Lecture 10: Sequential Models

Introducing State Space Models and Kalman filters.

Mixture Models Review and Intuition to State Space Models

Review and intuition of HMMs and SSMs
  1. Mixture model has the observation X and their corresponding hidden latent variable Y which indicates the source of that observation X. Observation X can be discrete like word frequency, or continuous like temperature. Variable Y denotes which mixture/distribution X comes from. When both X and Y are continuous, it is called factor analysis.
  2. The advantage with mixture models is that smaller graphs (mixture models) can be taken as building blocks to make bigger graphs (HMMs)
  3. Some common inference algorithms for HMMs can range from inferring on one hidden state, all hidden states, and even the most probable sequence of hidden states. Example algorithms are Viterbi algorithm, Forward/Backward algorithm, Baum-Welch algorithm.
  4. All the above algorithms have a counterpart in State Space models - despite the mathematical technique being different, they have the same essence. A similarity to the above algorithms that it shares is that it can be broken down into local operations/subproblems and continuously built to the whole solution. We will further explain in the coming sections.
  5. Stories/Intuitions for the various models
    1. HMM - Dishonest casino story
    2. Factorial HMM - Multiple dealers at the dishonest casino
    3. State Space Model (SSM) - X – Signal of an aircraft on the radar, Y – actual physical locations of the aircraft
    4. Switching SSM - multiple aircrafts (State S is the indicator of which aircraft is appearing on the radar)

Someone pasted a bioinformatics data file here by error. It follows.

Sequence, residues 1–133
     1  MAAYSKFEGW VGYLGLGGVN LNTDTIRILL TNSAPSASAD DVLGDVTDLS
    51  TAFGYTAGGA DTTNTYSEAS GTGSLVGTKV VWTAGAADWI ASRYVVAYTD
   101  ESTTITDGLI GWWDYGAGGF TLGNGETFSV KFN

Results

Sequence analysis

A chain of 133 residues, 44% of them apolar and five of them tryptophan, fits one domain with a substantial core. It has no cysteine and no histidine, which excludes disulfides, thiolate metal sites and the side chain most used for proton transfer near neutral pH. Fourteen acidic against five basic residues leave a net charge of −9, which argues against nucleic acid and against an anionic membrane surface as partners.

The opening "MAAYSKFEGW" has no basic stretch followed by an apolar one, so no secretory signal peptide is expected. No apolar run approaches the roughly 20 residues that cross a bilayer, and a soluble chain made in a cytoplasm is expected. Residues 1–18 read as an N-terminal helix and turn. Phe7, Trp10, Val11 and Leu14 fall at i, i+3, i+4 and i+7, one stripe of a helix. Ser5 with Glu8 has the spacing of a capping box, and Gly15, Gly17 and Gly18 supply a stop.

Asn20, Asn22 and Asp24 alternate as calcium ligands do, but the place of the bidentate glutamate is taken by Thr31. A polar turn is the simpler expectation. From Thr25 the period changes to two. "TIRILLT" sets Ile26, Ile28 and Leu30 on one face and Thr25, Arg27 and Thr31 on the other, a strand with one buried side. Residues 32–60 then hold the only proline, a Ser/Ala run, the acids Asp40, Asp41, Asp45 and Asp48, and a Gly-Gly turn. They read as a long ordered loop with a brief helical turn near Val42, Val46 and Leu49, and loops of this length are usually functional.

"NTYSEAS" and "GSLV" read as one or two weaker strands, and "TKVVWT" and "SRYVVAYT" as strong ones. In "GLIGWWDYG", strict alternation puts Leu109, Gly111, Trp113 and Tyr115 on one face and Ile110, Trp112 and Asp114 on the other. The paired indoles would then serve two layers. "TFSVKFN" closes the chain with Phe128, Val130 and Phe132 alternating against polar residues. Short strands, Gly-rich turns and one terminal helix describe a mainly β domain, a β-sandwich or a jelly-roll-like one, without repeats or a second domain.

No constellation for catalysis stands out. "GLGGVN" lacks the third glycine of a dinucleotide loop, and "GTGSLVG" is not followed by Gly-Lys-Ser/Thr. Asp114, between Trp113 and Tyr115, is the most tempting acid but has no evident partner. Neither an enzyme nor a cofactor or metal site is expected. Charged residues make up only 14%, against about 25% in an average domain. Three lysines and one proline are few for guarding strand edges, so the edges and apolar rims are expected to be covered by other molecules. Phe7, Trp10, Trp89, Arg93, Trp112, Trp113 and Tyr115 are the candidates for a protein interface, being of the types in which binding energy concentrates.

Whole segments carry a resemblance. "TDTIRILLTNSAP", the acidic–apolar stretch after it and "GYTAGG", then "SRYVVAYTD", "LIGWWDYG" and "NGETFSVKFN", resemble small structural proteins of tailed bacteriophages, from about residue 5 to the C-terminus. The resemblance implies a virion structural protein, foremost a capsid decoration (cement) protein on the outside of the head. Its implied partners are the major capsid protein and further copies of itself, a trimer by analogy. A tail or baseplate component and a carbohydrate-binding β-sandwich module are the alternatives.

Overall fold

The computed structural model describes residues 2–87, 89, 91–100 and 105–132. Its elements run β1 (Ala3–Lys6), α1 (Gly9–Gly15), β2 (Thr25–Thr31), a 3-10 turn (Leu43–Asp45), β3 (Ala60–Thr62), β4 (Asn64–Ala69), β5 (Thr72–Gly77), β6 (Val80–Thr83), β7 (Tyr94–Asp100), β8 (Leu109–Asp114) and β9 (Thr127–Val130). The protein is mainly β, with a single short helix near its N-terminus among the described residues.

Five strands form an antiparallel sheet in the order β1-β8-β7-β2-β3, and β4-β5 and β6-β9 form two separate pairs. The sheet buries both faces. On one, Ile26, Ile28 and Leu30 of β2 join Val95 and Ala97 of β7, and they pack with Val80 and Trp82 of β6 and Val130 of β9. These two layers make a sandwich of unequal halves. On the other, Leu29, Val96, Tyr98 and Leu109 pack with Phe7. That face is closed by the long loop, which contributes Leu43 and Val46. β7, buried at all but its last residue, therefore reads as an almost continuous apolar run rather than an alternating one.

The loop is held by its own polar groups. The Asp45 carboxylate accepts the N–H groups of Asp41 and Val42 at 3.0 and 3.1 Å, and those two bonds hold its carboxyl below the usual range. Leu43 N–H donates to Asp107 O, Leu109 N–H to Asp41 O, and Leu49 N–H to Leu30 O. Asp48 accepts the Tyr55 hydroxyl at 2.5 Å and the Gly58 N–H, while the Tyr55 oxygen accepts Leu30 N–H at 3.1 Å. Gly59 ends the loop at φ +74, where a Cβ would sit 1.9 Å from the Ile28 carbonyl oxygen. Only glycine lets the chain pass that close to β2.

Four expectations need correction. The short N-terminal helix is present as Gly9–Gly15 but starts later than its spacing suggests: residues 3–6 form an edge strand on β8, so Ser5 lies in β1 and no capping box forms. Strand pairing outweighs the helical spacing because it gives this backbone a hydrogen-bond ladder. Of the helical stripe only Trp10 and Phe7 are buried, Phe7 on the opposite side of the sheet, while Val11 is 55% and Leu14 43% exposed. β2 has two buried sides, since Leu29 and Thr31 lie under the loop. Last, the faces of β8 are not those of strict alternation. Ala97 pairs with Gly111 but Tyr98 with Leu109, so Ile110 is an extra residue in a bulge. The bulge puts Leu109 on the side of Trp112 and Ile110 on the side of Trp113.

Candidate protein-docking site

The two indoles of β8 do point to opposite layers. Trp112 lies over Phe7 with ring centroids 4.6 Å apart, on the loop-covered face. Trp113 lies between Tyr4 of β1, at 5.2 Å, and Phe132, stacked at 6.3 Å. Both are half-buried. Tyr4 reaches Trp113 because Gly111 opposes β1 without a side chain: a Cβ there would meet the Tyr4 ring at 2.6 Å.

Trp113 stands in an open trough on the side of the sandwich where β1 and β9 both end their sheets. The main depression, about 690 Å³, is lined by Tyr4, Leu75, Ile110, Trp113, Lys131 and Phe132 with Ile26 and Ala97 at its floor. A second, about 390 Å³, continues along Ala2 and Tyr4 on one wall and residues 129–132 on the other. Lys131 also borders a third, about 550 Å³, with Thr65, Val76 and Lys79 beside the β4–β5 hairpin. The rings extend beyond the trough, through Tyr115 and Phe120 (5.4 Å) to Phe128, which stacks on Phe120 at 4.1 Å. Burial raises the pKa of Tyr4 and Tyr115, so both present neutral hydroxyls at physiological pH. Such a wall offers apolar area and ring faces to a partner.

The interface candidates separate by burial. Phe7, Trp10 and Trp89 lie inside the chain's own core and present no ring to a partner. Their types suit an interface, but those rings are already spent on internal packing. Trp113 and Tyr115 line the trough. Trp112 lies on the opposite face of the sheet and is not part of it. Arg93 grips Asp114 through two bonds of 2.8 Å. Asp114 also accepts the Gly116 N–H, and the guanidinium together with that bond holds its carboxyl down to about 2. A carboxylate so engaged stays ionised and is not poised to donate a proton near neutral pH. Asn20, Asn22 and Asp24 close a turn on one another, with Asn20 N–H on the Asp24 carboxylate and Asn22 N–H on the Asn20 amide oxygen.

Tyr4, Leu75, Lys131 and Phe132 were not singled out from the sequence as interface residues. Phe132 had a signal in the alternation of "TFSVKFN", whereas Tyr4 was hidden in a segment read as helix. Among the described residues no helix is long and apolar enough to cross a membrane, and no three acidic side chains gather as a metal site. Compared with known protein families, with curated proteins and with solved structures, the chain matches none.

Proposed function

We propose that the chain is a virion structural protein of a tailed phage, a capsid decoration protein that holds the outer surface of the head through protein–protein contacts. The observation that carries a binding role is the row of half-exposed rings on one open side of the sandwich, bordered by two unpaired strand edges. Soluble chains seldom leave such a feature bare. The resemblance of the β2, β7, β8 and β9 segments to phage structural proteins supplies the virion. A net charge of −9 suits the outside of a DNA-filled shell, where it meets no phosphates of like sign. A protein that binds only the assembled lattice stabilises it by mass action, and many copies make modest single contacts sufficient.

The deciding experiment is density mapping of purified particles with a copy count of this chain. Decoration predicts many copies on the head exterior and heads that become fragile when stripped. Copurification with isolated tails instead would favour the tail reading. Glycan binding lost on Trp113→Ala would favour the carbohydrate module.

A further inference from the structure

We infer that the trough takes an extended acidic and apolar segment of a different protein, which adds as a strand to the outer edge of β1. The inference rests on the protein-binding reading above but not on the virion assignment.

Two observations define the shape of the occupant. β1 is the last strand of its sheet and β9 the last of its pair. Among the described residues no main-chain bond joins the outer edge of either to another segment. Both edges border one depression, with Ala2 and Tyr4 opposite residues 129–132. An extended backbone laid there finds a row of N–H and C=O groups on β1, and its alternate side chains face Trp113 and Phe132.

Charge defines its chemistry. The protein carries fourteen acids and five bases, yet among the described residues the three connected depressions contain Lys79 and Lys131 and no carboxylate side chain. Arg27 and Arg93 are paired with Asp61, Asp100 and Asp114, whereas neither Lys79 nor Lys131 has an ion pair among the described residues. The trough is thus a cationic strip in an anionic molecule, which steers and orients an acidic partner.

Basic Math Review

A multivariate Gaussian is denoted by the following PDF -

P(X | \mu, \Sigma) = \frac{1}{(2\pi)^{n/2} |\Sigma|^{1/2}} \exp(\frac{-1}{2}(X - \mu)^{T}\Sigma^{-1}(X-\mu))

A Joint Gaussian is denoted by -

P(\begin{bmatrix} X_1 \\ X_2 \end{bmatrix} | \mu, \Sigma) = \mathcal{N}(\begin{bmatrix} X_1 \\ X_2 \end{bmatrix} | \begin{bmatrix} \mu_1 \\ \mu_2 \end{bmatrix}, \begin{bmatrix} \Sigma_{11} & \Sigma_{12} \\ \Sigma_{21} & \Sigma_{22} \end{bmatrix})

Given the joint distribution, we can write -

\begin{aligned} &P(X_2) = \mathcal{N}(X_2 | \mu_2, \Sigma_{22}) \\ &P(X_1 | X_2) = \mathcal{N}(X_1 | \mu_{1|2}, V_{1|2}) \\ &\mu_{1|2} = \mu_1 + \Sigma_{12}\Sigma_{22}^{-1}(X_2 - \mu_2) \\ &V_{1|2} = \Sigma_{11} - \Sigma_{12}\Sigma_{22}^{-1}\Sigma_{21} \end{aligned}

Matrix inverse lemma -

  1. Consider a block partitioned matrix M = \begin{bmatrix} E & F \\ G & H \end{bmatrix}
  2. First we diagonalize M - \begin{bmatrix} I & -FH^{-1} \\ 0 & I \end{bmatrix}\begin{bmatrix} E & F \\ G & H \end{bmatrix}\begin{bmatrix} I & 0 \\ -H^{-1}G & I \end{bmatrix} = \begin{bmatrix} E-FH^{-1}G & 0 \\ 0 & H \end{bmatrix}
  3. This is called the Schur's complement - M/H = E-FH^{-1}G
  4. Then we inverse using the formula - \begin{aligned} XYZ = W \implies Y^{-1} = ZW^{-1}X \implies M^{-1} = \begin{bmatrix} E & F \\ G & H \end{bmatrix}^{-1} = \begin{bmatrix} I & 0 \\ -H^{-1}G & I \end{bmatrix}\begin{bmatrix} (M/H)^{-1} & 0 \\ 0 & H^{-1} \end{bmatrix}\begin{bmatrix} I & -FH^{-1} \\ 0 & I \end{bmatrix} \\ = \begin{bmatrix} (M/H)^{-1} & -(M/H)^{-1}FH^{-1} \\ -H^{-1}G(M/H)^{-1} & H^{-1} + H^{-1}G(M/H)^{-1}FH^{-1} \end{bmatrix} \\ = \begin{bmatrix} E^{-1} + E^{-1}F(M/E)^{-1}GE^{-1} & -E^{-1}F(M/E)^{-1} \\ -(M/E)^{-1}GE^{-1} & (M/E)^{-1} \end{bmatrix} \end{aligned}